The legislation, which permits women to have an abortion up to the 14th week of their pregnancy, still needs to be voted on by the Latin American country’s Senate – with the verdict expected before the end of the year.
Current laws mean abortions are only allowed if the pregnancy is due to rape or in instances when the mother’s health or life is in danger.
The debate on the legislation in the lower house of the congress stretched from Thursday into the early hours of Friday due to abortion being a massively divisive issue in the predominantly Roman Catholic country. The bill passed by 131 to 117 votes with six lawmakers choosing to refrain from voting.
Campaigners warn the current law on abortion is not consistently implemented in Argentina and abortions are routinely unavailable even when women are legally entitled to access them.
Alberto Fernandez, the Argentinian president who supports abortion rights, has said the new legislation would ultimately save lives, as more than 38,000 women are forced to go to hospital each year after illegal abortions go wrong and more than 3,000 have died since 1983.
Abortion rights campaigners gathered outside the congress building all night in the Argentinian capital of Buenos Aires – weeping and hugging each other when news of the vote emerged.
Paula Avila-Guillen, executive director of the Women’s Equality Centre, told The Independent: “After this massive approval in the house, Argentina is one step closer to solidifying as a leader in fully recognising women’s rights.
“It is now time for the senate to pass this bill and choose to be on the right side of history by guaranteeing the health care rights for the over 22 million women in Argentina.
“We have long known that archaic abortion laws are not deterrents, they only lead to unsafe clandestine abortions that threaten the health and lives of the most vulnerable women and girls. By passing this historic bill, the Argentinian senate will be saving countless lives.”
Earlier in the week, a doctor who provides abortions in Argentina told The Independent she has witnessed women arrive at the health centre in desperate situations after having to resort to unsafe backstreet abortions.
Dr Betiana Olearo, who works in Cordoba in central Argentina, said: “I remember a woman dying in a health centre I was working in because of having a clandestine abortion. This was impactful. Not just for her family. But for her community. She left behind four children. They remained alone after she died.”
Her comments came as Argentinian healthcare professionals condemned the decision to refuse a 12-year-old girl an abortion who was pregnant with twins due to allegedly being raped. The girl, who has not been named, lives near San Salvador in the far northwestern Argentinian province of Jujuy.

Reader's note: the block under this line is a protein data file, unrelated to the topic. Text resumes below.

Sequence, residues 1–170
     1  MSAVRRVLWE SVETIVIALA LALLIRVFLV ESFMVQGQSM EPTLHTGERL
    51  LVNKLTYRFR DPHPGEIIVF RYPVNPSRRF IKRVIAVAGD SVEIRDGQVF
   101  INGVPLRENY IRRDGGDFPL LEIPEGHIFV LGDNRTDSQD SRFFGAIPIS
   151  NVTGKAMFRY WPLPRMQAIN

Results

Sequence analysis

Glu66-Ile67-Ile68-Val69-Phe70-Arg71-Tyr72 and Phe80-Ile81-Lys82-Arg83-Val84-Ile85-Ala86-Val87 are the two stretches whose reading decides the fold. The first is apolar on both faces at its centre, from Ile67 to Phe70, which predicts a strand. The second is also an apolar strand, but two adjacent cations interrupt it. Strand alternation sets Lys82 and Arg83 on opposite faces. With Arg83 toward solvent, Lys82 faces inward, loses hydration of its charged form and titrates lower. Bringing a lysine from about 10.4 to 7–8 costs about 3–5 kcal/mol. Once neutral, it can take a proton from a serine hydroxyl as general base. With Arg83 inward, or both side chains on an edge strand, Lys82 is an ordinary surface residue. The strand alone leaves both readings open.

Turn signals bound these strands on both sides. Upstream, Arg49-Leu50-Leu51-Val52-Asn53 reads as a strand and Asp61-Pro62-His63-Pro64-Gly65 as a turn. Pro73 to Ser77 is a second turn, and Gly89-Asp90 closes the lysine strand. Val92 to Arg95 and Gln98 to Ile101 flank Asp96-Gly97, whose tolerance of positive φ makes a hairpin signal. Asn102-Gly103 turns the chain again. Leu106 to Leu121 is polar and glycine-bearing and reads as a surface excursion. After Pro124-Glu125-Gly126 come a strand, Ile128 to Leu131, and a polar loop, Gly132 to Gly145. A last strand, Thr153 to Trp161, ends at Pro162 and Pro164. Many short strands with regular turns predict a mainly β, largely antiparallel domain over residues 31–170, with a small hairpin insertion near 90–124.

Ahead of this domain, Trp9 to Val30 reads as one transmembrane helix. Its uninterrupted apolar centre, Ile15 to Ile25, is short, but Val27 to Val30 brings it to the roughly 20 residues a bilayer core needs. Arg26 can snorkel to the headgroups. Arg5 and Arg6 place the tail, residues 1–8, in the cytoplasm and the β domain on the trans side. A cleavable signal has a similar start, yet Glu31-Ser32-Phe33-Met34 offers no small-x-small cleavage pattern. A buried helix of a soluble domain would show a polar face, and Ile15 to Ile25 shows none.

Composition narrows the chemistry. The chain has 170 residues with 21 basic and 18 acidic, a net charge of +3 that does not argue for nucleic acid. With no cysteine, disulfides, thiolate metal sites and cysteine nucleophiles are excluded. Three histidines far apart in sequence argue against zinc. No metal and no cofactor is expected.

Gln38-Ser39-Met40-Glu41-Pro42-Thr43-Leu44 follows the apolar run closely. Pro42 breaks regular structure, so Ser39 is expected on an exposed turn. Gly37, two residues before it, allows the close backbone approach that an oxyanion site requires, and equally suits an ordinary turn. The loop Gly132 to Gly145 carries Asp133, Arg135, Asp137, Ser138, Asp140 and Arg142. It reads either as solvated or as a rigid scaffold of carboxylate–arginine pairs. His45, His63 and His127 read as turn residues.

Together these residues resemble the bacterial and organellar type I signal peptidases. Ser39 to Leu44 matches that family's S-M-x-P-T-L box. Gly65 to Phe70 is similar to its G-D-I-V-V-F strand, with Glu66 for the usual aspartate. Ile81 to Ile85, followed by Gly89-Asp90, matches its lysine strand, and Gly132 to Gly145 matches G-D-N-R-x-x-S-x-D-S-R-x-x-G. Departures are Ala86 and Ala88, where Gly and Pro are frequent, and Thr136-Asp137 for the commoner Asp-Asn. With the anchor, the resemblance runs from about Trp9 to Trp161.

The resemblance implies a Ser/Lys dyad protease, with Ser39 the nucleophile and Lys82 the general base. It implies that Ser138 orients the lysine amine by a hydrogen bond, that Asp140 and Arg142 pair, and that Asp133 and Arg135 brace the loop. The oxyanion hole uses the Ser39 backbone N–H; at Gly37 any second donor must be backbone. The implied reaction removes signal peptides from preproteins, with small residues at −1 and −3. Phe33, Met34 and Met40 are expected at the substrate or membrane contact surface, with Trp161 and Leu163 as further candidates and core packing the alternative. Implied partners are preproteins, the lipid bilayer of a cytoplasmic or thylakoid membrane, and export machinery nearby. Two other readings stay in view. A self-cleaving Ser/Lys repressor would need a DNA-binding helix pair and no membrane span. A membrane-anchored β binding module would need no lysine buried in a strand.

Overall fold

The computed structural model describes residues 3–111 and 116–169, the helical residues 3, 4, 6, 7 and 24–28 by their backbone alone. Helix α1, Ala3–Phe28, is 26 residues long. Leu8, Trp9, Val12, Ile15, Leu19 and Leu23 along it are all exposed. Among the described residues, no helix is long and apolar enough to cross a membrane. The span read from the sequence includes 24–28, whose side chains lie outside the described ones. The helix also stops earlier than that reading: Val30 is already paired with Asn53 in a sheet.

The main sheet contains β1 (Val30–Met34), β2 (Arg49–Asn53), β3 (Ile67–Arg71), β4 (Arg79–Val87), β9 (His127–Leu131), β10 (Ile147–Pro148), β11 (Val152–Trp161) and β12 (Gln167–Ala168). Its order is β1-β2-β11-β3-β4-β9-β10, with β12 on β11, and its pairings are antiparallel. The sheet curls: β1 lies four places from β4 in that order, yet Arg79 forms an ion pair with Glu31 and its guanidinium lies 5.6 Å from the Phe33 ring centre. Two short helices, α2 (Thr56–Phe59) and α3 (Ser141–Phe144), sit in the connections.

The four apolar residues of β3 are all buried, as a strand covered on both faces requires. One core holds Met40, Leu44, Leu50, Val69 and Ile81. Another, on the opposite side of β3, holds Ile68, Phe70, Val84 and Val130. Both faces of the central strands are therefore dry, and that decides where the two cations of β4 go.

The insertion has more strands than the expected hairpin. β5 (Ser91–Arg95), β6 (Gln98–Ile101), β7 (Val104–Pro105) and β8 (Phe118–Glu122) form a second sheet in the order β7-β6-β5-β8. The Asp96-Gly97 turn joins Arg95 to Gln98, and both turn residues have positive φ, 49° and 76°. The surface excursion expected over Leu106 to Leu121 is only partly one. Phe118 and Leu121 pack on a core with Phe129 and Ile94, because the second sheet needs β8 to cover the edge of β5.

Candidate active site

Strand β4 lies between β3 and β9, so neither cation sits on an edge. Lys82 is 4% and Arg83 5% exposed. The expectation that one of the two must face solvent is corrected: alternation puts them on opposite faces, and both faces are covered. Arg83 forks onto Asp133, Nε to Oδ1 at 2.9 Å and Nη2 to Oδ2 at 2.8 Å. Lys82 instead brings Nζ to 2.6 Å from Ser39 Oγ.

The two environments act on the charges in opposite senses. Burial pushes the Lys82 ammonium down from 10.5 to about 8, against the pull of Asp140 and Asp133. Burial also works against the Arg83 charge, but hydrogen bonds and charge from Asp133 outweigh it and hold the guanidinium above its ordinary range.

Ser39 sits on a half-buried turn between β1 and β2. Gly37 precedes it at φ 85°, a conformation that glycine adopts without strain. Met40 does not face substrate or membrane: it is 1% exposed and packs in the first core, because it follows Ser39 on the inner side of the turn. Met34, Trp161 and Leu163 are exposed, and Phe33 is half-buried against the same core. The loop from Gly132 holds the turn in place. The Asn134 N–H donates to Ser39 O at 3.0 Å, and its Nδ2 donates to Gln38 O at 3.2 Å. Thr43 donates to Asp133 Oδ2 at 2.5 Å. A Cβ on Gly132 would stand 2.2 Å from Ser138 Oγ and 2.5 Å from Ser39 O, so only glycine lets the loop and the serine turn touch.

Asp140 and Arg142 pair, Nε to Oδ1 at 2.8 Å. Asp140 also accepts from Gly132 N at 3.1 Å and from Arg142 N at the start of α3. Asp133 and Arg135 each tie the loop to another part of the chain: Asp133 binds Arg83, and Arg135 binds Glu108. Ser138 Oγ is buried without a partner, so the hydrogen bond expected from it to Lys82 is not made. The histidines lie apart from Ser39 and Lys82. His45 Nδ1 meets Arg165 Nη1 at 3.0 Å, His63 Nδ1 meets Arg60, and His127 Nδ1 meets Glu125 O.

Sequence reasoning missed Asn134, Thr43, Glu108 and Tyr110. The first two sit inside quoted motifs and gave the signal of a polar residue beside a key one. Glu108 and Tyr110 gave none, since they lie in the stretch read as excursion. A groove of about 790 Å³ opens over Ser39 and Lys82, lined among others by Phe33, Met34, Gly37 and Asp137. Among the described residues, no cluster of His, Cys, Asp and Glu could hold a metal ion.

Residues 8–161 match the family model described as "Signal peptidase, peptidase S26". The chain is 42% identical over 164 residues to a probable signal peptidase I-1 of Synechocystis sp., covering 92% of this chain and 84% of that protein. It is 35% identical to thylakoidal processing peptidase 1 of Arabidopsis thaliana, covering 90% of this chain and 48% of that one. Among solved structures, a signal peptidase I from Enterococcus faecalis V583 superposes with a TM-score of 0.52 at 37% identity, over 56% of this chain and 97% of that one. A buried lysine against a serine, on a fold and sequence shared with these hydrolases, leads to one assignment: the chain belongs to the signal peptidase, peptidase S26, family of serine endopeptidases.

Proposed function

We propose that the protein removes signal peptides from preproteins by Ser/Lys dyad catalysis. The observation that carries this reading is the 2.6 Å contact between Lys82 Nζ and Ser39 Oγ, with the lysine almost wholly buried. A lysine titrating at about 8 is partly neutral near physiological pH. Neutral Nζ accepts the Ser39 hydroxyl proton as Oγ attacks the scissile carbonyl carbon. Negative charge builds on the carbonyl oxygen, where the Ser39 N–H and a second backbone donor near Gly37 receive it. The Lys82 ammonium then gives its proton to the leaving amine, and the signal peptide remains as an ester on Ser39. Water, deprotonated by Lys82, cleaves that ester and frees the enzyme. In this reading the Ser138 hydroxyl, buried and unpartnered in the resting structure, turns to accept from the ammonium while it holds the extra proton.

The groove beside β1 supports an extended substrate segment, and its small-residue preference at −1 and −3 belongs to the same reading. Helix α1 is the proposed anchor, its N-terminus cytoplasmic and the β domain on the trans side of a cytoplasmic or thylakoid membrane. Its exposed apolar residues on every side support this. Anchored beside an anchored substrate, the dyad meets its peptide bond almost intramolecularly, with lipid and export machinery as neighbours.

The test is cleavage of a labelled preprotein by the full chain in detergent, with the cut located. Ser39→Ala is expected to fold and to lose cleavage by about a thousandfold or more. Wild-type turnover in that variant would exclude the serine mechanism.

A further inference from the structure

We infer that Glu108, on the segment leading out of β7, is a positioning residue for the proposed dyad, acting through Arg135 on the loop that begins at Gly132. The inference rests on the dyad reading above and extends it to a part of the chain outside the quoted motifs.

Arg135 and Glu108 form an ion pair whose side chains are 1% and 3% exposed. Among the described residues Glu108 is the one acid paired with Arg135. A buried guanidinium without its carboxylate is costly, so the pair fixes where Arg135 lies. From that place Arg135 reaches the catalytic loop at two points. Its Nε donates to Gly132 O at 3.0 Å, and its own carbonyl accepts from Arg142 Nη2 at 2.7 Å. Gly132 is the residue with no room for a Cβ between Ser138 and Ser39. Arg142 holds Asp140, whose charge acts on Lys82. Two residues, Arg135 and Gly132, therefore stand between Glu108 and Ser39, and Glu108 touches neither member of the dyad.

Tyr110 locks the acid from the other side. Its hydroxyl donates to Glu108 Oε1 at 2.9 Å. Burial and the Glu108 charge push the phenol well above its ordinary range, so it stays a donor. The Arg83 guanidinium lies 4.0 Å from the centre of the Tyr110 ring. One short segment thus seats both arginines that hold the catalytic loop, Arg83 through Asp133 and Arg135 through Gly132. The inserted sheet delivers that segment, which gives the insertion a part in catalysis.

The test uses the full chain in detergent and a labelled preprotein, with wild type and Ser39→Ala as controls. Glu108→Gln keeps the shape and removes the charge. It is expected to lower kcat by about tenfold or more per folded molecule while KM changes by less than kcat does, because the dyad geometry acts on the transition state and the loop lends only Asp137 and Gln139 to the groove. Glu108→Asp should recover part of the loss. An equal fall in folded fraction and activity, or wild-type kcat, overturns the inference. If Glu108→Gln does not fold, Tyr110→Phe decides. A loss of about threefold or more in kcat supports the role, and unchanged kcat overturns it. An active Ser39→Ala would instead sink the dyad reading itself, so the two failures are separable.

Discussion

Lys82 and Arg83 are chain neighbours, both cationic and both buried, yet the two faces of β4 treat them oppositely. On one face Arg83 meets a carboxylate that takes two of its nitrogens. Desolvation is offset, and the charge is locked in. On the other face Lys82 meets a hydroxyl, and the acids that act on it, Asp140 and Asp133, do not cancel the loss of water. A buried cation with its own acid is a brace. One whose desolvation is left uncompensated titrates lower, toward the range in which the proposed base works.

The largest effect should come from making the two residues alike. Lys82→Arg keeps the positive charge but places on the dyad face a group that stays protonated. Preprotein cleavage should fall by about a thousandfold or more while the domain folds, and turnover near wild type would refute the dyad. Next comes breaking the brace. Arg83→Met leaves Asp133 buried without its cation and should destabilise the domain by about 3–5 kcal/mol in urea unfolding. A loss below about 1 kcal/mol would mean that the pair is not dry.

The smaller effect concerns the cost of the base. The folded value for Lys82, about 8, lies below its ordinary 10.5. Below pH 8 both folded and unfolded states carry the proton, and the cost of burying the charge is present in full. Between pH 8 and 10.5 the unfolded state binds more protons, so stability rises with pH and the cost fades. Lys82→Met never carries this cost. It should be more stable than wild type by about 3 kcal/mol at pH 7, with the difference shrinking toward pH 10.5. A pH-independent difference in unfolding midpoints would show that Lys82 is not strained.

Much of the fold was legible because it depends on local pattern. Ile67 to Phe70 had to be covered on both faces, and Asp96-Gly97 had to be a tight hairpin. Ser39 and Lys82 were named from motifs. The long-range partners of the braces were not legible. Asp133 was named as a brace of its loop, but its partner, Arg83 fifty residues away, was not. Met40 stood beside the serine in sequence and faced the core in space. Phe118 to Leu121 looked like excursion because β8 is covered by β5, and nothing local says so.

Mr Fernandez pledged to introduce legislation which makes abortion legal during his first annual address to congress. The president, who was sworn in at the end of last year, argued the current law had “condemned many women, generally of limited resources, to resort to abortive practices in absolute secrecy, putting their health and sometimes their lives at risk”.
He said: “Abortion happens, it’s a fact. A state should protect citizens in general and women in particular. And in the 21st century, every society needs to respect the individual choice of its members to decide freely about their bodies.”
A bill legalising abortion in Argentina was rejected by a close margin by Argentina’s senate after getting the approval of the country’s congress back in 2018.
Ahead of Friday’s verdict, Mariela Belski, executive director of Amnesty International Argentina, told The Independent: “The legalisation of abortion in Argentina could act as an expansive wave that impacts on the expansion of women’s rights throughout the region.
“Historically, it has had and has a strong role in setting the regional agenda with laws that expand rights. It is a very influential country.”
She noted Latin America is the only part of the world where teen and child pregnancies and births are actually rising – adding that this is due to high rates of sexual violence, and a dearth of access to reproductive health services, such as emergency oral contraception and the safe and legal freedom to have an abortion.
A recent report by Argentina’s Access to Safe Abortion Network found more than 7,000 girls aged between 10 and 14 in Argentina delivered babies from 2016 to 2018, with the pregnancies often the byproduct of rape.
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